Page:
So, your shin hurts.
Shin splints is an umbrella term that encompasses a variety of lower limb injuries. These include medial tibial stress syndrome, stress fractures, chronic exertional compartment syndrome, biomechanical overload syndrome and more.
Irrespective of the above injuries, there is pain felt at some point or another. But, you might be asking yourself, do they feel different? The answer is: yes! How they feel is quite often a quick way to help determine the actual injury behind your pain.
The following are adapted from a clinical article by sports physician Matthew Hislop MD. You can find that article here.
What does MTSS feel like?
How does medial tibial stress syndrome (MTSS) feel?
The most common form of shin splints is often referred to as "posterior tibial stress syndrome." That name, however, is often polarising in the medical community.
MTSS feels like a dull ache or burn in what is referred to as the "distal-third" of your medial tibia. Don't worry - it essentially means the third of the shin bone closest to your foot, on the inside border.
MTSS tends to appear in both legs and is sore to touch for a length of roughly 5cm along the border of your shin bone. Interestingly, the anterior border (outside border) shouldn't be sore to touch.
When you exercise, it tends to hurt during warmup and return at the end of your run.
For more on medial tibial stress syndrome and how to treat it, check out this article.
How does a tibial stress fracture feel?
Runners typically complain of a sudden focal pain on their shin bone that is nasty to touch. This pain also appears early in impact-related exercise and is worse during the landing phase of running.
Typically, a stress fracture is sore to touch and focal, unlike MTSS, which is painful for 5cm or more. It can also occur anywhere on the tibia but is most likely to happen in a similar location to MTSS.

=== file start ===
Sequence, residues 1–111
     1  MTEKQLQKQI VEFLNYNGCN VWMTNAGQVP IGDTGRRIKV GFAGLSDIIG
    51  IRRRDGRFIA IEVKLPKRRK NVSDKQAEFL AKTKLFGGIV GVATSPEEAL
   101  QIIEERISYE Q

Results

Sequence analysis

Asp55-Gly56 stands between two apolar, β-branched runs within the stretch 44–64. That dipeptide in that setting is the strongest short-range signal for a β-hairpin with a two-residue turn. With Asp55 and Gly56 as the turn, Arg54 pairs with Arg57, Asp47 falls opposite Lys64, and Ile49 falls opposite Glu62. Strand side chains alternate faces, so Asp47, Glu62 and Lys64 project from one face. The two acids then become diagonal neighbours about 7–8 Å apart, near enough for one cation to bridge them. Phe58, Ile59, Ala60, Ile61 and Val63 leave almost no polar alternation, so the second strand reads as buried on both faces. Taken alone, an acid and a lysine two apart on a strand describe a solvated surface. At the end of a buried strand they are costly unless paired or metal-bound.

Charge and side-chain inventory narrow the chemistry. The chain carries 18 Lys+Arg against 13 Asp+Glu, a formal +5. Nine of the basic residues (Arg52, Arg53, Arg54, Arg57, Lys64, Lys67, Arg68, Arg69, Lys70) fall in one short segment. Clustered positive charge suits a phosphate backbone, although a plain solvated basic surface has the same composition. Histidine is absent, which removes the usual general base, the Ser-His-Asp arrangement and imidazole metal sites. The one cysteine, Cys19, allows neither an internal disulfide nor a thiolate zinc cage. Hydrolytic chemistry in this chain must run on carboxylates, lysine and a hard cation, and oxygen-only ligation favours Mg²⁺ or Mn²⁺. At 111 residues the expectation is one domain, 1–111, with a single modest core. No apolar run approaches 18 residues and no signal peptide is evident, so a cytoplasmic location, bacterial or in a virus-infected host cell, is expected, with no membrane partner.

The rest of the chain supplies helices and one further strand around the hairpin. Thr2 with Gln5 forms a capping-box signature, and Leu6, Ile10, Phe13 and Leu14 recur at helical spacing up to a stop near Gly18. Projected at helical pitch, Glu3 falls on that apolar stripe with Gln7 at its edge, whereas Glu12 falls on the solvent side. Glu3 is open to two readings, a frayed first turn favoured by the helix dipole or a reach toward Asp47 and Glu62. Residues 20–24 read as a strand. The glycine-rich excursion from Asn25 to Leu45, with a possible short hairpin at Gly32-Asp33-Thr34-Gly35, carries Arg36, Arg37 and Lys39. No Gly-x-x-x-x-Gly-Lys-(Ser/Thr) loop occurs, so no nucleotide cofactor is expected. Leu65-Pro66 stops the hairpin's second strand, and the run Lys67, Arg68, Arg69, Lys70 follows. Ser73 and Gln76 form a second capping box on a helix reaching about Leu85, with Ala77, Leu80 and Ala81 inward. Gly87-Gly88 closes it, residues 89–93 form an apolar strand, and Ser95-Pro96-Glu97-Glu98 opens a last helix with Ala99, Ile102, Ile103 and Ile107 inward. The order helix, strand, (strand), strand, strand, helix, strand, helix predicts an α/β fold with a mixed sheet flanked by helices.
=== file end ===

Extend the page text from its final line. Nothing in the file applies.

A stress fracture is very painful on impact, so just a single hop on the bad leg tends to warrant enough pain to stop. This injury tends to only appear in 1 leg at a time, but you shouldn't rule out having a fracture in both legs.
These are more severe. If you suspect you have a stress fracture, do not delay seeing a healthcare professional.
For more on tibial stress fractures in runners, check out this article.
What does CECS feel like?
How does chronic exertional compartment syndrome feel?
For this part, we have grouped chronic exertional compartment syndrome (CECS) and biomechanical overload syndrome into one section. Dr Andrew Frankly-Miller, a UK-based Sports and Exercise Physician, developed the latter syndrome to explain the incorrect diagnosis of CECS.
Often the culprit behind "anterior shin splints", CECS feels like a slow build-up of pain as you exercise and a slow decrease in pain when you stop—no sudden changes.
The pain can get pretty intense, and the injury can be handled simply with non-surgical interventions, but in some cases, it requires surgery. This injury can also lead to severe implications, making sure that you consult a doctor or healthcare professional immediately, like any injury on this page.
For more on anterior shin splints, check out this article here.
About the author:
Ben Lindsay is the Managing Director and engineer behind the Solushin medical device. A former national medalist swimmer, Ben aspires to learn from physicians, physiotherapists and podiatrists so he can develop tools to improve the quality of care for their patients.